I used this to run the geth software which will validate and sync the main blockchain with the rest of the network.

From an engineering perspective the geth software is solid! I even think that geth might be a more viable approach to running public distributed systems from a security perspective. This could be useful for things like federated Kubernetes clusters, and distributed workloads over the public internet.

  • geth is written Go!

Anyway this is the tool that basically serves as the “control plane” or “brains” of the operation.

Interestingly its main limitation is disk IO and not CPU or network! For instance, you can’t even run a peer on the Ethereum network without an SSD and about 100gb of storage.

This compute node listens on port 8545 and can be used to hand out work (similar to the Kubernetes) to local agents.

GPU

I have an ancient NVIDIA card that I use for live-streaming on my Arch linux desktop.

NVIDIA Corporation GP106 [GeForce GTX 1060 6GB]

On this computer I run a tool called ethminer that basically takes the work from geth and processes it using the GPU devices on board.

Note that the type of work that geth hands out to miners like ethminer is typically where the environmental impact concerns come from.

Proof-of-Work (PoW) vs Proof-of-Stake (PoS)

You can read more at the official docs site.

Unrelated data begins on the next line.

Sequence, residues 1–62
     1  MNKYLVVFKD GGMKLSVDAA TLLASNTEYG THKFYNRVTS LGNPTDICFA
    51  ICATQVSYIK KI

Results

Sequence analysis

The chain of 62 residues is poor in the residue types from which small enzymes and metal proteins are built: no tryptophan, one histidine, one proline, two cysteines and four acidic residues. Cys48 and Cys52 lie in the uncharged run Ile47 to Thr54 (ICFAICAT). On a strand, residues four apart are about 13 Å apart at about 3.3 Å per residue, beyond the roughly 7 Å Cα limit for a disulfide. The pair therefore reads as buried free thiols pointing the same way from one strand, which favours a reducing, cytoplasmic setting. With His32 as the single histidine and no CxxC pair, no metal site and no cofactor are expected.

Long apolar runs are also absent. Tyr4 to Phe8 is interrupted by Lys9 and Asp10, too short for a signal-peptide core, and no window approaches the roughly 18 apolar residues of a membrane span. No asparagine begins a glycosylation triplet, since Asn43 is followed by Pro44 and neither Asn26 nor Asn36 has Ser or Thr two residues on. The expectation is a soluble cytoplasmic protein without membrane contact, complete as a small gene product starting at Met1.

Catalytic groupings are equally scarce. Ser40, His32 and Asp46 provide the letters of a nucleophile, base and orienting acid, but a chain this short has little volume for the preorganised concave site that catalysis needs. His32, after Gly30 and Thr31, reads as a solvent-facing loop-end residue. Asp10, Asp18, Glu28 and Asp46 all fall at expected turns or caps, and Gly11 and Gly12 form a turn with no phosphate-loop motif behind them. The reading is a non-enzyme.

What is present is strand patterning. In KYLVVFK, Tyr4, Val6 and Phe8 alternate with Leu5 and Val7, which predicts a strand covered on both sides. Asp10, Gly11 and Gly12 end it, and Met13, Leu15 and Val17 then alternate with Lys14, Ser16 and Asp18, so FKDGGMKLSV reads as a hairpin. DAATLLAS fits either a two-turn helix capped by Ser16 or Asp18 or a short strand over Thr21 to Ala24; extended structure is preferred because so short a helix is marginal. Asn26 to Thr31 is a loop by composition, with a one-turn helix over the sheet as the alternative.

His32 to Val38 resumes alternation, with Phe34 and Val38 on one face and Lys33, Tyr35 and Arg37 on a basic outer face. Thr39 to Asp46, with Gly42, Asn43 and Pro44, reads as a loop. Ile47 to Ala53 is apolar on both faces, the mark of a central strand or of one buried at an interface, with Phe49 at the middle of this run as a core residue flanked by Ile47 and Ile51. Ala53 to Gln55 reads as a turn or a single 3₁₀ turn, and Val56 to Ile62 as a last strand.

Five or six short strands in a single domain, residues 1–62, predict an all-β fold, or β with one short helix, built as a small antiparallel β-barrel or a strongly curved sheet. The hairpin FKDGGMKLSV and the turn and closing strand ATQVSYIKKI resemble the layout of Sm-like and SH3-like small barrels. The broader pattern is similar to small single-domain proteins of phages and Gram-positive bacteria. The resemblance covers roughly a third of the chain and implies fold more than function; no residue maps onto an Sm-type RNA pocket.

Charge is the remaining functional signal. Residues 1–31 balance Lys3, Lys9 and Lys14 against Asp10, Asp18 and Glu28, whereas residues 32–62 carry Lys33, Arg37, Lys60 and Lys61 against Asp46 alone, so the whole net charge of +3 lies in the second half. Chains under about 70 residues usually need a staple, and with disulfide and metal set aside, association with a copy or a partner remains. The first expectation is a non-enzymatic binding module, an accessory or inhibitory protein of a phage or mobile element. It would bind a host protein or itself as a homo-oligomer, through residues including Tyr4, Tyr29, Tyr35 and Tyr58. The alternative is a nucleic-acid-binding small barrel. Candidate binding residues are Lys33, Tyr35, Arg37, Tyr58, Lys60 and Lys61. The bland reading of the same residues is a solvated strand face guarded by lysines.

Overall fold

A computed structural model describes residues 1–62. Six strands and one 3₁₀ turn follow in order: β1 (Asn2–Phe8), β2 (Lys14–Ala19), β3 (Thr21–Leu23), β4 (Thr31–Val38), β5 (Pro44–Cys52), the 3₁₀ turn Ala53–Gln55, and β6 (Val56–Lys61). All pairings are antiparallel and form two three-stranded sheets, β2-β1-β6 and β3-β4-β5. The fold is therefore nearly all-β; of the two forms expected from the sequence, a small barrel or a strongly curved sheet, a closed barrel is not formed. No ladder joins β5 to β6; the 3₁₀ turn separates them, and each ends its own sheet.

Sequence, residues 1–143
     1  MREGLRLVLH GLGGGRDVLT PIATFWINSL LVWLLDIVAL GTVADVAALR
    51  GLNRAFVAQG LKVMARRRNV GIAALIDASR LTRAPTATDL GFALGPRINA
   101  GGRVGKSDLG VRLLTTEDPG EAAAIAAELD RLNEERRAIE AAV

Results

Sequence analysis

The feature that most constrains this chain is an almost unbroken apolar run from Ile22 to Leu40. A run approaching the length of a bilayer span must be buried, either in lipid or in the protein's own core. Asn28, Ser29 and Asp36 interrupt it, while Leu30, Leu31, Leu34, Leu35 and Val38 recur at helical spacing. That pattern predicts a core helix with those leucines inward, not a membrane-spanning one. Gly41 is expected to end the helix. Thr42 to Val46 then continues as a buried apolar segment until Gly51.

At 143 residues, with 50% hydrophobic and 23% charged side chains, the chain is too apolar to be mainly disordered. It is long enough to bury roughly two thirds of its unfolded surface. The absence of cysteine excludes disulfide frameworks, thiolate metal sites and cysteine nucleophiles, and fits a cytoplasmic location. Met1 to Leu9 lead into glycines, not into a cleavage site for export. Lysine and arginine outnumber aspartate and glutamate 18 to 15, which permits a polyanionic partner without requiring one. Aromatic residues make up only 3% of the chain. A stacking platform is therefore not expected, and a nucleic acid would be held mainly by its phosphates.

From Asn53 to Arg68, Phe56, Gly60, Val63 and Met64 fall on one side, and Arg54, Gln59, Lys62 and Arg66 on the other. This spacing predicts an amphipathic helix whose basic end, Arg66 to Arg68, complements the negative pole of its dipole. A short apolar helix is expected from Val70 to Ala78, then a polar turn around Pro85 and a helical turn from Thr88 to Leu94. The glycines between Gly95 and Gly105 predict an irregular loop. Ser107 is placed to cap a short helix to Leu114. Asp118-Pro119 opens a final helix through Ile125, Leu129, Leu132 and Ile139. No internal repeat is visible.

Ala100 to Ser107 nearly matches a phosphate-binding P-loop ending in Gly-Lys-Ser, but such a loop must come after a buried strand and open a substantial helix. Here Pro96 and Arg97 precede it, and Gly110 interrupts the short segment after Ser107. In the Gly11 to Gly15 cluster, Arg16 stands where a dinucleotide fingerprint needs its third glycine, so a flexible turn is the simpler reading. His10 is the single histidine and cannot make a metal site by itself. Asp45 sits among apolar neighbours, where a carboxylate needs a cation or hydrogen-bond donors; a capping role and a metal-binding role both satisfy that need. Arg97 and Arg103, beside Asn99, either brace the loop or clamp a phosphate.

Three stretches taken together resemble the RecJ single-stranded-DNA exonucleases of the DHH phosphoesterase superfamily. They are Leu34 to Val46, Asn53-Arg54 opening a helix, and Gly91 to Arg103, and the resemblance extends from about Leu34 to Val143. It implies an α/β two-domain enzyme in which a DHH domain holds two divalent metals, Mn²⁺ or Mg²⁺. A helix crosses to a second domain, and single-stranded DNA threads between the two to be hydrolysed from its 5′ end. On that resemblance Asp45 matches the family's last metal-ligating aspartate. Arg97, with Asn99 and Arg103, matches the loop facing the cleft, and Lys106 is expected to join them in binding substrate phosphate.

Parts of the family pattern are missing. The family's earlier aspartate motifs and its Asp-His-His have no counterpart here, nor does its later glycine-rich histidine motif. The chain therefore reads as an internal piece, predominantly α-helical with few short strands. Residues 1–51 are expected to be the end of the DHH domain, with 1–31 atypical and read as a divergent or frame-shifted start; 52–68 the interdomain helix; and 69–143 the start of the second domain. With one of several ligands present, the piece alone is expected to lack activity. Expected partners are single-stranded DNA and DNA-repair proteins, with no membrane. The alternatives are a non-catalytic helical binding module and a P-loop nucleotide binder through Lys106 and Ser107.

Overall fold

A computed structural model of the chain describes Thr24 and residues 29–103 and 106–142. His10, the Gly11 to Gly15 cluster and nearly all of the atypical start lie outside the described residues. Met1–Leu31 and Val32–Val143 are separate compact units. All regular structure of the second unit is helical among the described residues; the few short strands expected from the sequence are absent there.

From my understanding the PoW is embraces the “Zero Trust” or “Validate don’t Trust” philosophy that all the crypto bros are going on about.

Blockchain demystified

The blockchain works by computing what result based on the previous result.

For example if the blockchain algorithm was T + N * 2 + 1 and your inputs were 2, 4, 6 the result would look like the following

2 * 2 + 1 = 5
4 * 2 + 1 = 9 + 5 = 14
6 * 2 + 1 = 13 + 9 + 5 = 27

…and so on

In order to validate your shit is the same shit as the rest of the world, the theory is that your shit will need to compute and come to the same conclusion the other computers in the world have come to.

The current strategy for doing this is to perform literally all the same calculations in the world. This is called PoW (Proof-of-Work). Ethereum is moving to a new strategy called PoS (Proof-of-Stake) that has a dramatically less harmful impact on power consumption and therefor the environment.

What this means

So I had about $350.00 in my Coinbase accounts this morning when I woke up.

I had mined a decent portion of this from my Linux GPU when I am not using it. I keep my mining value publicly available on this website! (Right side of the toggle menu)